U.S. corn inventories are the highest since 1988, and that still won’t be enough of a cushion to keep supplies from tightening as demand for livestock feed surges and farmers cut back on acreage.
Stockpiles jumped 15 percent to 4.447 billion bushels as of June 1, a U.S. Department of Agriculture report showed on Tuesday, below the 4.557 billion estimated in a Bloomberg survey of analysts. The main reason for the shortfall? Expanding herds of pigs and other farm animals helped push domestic corn use to the highest in five years, according to AgriVisor LLC.
Pork production in 2015 will rise 7.1 percent from a year earlier, while broiler output will climb 4.6 percent and milk production 1.3 percent, the USDA forecast June 10. At the same time, corn, the nation’s biggest crop, was sown on 88.9 million acres, the smallest in five years and down from a March 31 projection of 89.2 million, the USDA said Tuesday.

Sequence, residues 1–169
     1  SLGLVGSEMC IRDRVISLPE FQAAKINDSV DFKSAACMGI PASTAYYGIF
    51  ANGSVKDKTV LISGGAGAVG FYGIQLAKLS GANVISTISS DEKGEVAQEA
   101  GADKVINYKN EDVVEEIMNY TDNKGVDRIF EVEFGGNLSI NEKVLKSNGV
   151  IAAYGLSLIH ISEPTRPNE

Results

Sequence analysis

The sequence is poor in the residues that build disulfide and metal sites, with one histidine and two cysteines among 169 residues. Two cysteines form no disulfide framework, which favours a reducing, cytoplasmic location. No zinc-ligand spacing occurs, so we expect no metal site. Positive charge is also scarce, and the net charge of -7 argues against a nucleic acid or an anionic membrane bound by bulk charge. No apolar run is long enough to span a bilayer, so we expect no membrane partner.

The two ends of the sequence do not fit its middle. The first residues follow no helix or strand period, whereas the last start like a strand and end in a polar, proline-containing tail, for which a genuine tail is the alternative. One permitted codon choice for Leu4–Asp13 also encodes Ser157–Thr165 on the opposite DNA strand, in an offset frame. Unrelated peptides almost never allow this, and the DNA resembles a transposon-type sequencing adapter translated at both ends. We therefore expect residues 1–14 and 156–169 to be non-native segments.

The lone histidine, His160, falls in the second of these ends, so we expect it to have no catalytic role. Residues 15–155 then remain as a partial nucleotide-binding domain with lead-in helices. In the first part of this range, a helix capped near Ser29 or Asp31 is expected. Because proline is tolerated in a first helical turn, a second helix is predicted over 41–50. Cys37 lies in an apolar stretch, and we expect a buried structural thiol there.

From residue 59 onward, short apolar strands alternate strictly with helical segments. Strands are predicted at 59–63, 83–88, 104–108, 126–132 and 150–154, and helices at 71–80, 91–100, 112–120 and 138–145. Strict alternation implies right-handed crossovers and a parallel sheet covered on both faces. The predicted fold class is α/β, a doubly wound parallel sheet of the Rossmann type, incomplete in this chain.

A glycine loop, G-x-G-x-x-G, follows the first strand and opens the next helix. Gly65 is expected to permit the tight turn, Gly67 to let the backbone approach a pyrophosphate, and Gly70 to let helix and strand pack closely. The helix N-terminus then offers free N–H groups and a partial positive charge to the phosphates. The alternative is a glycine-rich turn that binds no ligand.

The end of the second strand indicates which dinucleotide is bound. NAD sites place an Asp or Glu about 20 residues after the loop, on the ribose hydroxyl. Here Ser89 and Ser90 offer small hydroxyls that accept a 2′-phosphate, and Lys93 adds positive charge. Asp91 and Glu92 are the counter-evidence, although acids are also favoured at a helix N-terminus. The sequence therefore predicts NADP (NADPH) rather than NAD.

“It’s probably a combination of more pigs, chickens and cows eating corn, and USDA overestimating last year’s production,” said Dale Durchholz, the senior market analyst at AgriVisor in Bloomington, Illinois. “Supplies are tighter, and God forbid we have any hot, dry weather in July that damages this year’s crop.”
Feed and residual use for the grain in the three months ended in May climbed 31 percent, according to AgriVisor. The inventory of broilers, dairy cows and hogs suggests that such demand could be as much as 200 million bushels larger than the 5.25 billion bushels projected by the USDA, said Durchholz.
As of Sunday, 68 percent of the corn crop was rated in good or excellent condition in the top 18 producing states, down from 75 percent a year earlier.
Wet fields and declining crop conditions suggest a national yield at 162 bushels an acre, below the USDA’s estimate of 166.8 bushels, Mark Schultz, the chief analyst for Northstar Commodity Investment Co. in Minneapolis, said Tuesday. That would leave a carryover next year of 1.2 billion bushels, below the 1.771 billion that the USDA forecast on June 10.
“The tightening supply and deteriorating crops in the field are a big change from the outlook a month ago,” Schultz said. “Most livestock producers were waiting for lower prices into the harvest, and now they will be scrambling to extend purchases.”